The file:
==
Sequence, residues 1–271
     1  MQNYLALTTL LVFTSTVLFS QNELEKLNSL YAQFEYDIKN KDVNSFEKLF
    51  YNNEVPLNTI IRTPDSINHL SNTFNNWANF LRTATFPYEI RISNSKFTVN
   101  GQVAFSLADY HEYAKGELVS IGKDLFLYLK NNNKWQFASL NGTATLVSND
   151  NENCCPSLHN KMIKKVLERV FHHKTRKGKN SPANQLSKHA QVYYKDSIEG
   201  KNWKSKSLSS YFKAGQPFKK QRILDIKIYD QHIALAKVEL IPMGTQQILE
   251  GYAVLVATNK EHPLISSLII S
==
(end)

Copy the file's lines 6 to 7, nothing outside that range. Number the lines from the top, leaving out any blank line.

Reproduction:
   201  KNWKSKSLSS YFKAGQPFKK QRILDIKIYD QHIALAKVEL IPMGTQQILE
   251  GYAVLVATNK EHPLISSLII S